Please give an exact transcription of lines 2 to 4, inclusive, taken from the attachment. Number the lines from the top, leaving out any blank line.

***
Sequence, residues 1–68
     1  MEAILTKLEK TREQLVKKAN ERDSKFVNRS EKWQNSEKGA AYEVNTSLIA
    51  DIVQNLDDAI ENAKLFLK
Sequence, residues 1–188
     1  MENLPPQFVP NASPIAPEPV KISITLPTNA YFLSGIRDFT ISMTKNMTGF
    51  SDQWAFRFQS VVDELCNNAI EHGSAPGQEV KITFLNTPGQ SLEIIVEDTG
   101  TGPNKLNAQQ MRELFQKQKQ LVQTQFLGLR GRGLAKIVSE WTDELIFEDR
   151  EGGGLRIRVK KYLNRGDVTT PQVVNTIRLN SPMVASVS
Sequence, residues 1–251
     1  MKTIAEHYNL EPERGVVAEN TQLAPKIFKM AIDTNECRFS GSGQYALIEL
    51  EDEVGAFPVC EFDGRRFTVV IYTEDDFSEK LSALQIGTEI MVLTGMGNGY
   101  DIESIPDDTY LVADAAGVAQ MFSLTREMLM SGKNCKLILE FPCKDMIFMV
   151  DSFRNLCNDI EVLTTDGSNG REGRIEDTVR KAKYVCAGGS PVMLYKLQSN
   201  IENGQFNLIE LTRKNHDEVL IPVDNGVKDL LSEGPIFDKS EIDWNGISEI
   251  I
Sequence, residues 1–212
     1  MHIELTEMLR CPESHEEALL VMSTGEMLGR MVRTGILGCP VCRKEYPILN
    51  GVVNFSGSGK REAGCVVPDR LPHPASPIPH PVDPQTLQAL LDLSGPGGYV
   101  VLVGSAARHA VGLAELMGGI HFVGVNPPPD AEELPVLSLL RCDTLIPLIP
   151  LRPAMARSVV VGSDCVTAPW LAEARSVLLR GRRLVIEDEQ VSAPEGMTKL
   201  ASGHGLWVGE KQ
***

     1  MEAILTKLEK TREQLVKKAN ERDSKFVNRS EKWQNSEKGA AYEVNTSLIA
    51  DIVQNLDDAI ENAKLFLK
Sequence, residues 1–188